Alan Thomas on Norman Maclean’s Young Men and Fire
Over at the Los Angeles Review of Books, University of Chicago Press editorial director Alan Thomas has a piece on the legacy of Norman Maclean’s now classic account of the 1949 Mann Gulch disaster, Young Men and Fire—carefully detailed and processed by an account of Thomas’s own experience of bringing the long delayed manuscript to publication. Below follows an excerpt from the longer essay, a must-read for anyone interested in Maclean’s stunning reportage or the contradictions and complexities inherent in a young man editing a posthumous manuscript from one of our most acclaimed storytellers, on furloughs in Japan, Chicago, and Missoula, Montana. Visit the LARB website for me.
Reading Young Men and Fire for the first time, you expect that the book will end with fire science and the definitive account it allows Maclean to give at the end of part two of the book. But there is a third and last part to come, a very brief section that feels like a coda. It is in some ways the most experimental part of Young Men and Fire, and Marie Borroff, for one, argued in her essay on the book that it is not a success, that the book should have ended short of part three. “I have to say,” writes Borroff, “and I say it hesitantly and with pain — that what we are presented with in the last twenty pages as his further attempts to bring the poetic imagination to bear on his subject strike me as just that: as attempts.”
Perhaps, but those last pages were important to Maclean. Part three, he says in his notes, entrusts itself “to the Imagination and Compassion of the Story-teller.” Imagination takes the form of an elevated view of the Smokejumpers’ last moments, extending an earlier reference to Thomas Hardy’s Sky Spirits, “who comment upon tragedies of man from distant horizons.” Compassion brings the storyteller, and us, back to the ground with the doomed men, “to project ourselves into their final thoughts.” He envisions, most importantly, their loneliness, which, he writes, “loomed up suddenly — they were young and not used to being alone.” Here, accompanying the men to their end, Maclean recalls his wife, who died of cancer of the esophagus: “Perhaps it is not odd, at the end of this tragedy where nothing much was left of the elite who came from the sky but courage struggling for oxygen, that I have often found myself thinking of my wife on her brave and lonely way to death.”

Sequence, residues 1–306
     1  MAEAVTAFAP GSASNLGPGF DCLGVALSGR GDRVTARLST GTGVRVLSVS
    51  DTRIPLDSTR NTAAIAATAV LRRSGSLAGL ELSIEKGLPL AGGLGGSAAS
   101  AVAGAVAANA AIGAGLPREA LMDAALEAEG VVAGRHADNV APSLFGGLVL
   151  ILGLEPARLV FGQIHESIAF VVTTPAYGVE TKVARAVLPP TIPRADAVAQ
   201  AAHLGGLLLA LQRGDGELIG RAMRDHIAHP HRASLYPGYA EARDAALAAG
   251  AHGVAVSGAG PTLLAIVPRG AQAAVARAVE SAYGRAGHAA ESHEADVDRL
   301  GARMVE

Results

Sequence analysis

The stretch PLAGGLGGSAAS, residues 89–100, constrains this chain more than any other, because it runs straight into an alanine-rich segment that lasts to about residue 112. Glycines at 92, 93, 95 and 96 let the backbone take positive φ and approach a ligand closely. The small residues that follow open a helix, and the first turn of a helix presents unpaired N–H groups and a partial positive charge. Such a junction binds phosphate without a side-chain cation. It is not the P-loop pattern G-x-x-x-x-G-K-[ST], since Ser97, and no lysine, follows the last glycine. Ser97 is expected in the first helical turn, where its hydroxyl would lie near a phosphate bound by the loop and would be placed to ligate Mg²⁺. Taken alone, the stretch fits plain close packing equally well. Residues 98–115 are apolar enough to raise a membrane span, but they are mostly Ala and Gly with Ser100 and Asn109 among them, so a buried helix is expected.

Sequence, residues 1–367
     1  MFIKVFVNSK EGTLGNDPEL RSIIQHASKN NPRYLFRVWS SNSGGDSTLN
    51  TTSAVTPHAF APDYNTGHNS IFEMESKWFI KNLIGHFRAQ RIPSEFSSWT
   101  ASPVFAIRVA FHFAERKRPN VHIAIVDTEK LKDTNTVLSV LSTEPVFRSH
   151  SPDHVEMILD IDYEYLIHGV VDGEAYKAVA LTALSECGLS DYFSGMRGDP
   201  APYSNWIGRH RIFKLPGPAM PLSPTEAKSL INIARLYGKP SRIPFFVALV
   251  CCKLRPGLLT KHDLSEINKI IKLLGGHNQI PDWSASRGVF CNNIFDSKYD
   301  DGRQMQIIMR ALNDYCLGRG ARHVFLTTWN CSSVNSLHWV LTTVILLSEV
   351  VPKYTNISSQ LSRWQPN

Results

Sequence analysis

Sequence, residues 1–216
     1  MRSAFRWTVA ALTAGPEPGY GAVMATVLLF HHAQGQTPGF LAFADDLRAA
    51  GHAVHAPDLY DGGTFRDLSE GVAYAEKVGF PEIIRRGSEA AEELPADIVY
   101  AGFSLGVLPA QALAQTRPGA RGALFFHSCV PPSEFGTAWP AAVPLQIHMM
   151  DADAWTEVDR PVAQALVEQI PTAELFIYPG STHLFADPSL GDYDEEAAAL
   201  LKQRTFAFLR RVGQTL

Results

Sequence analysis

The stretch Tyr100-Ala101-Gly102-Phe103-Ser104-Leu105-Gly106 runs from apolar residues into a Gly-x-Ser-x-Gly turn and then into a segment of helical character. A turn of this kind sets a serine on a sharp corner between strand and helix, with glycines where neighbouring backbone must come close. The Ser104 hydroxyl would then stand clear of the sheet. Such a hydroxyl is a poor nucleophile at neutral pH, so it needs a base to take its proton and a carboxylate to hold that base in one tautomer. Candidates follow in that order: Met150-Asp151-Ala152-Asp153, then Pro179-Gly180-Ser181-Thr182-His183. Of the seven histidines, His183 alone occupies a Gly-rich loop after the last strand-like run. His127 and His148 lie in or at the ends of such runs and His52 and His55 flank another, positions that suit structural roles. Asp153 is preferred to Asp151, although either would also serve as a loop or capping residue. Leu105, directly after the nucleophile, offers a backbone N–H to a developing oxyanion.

These are the last lines of the book — an abrupt, almost unbearable ending. All deaths are lonely, Maclean seems to say in these final pages, but acknowledging that his own wife was lonely in death may reveal a deeper sorrow. We think of his father’s words in A River Runs Through It: “It is those we live with and love and should know who elude us.” We think of Dodge, who at the crucial moment couldn’t save his men, and whose wife told Maclean, “I loved him very much, but I didn’t know him very well.” And we think of the loneliness of an old man spending his last years at a writing table, as the energy to finish leaves him.
The closing pages of Young Men and Fire may be imperfect and strained, but that is because Maclean is trying to grasp something ultimate — the quality of “a special kind of death,” the death of the young and unfulfilled. He speculates that for them the last emotions were fear, followed by self-pity and bewilderment, and then finally, as they each made a last lunge up the hill, “some firm intention to continue doing forever and ever what we last hoped to do on earth.”
Read Thomas’s essay in full at the Los Angeles Review of Books, here.
To read more about Young Men and Fire, click here.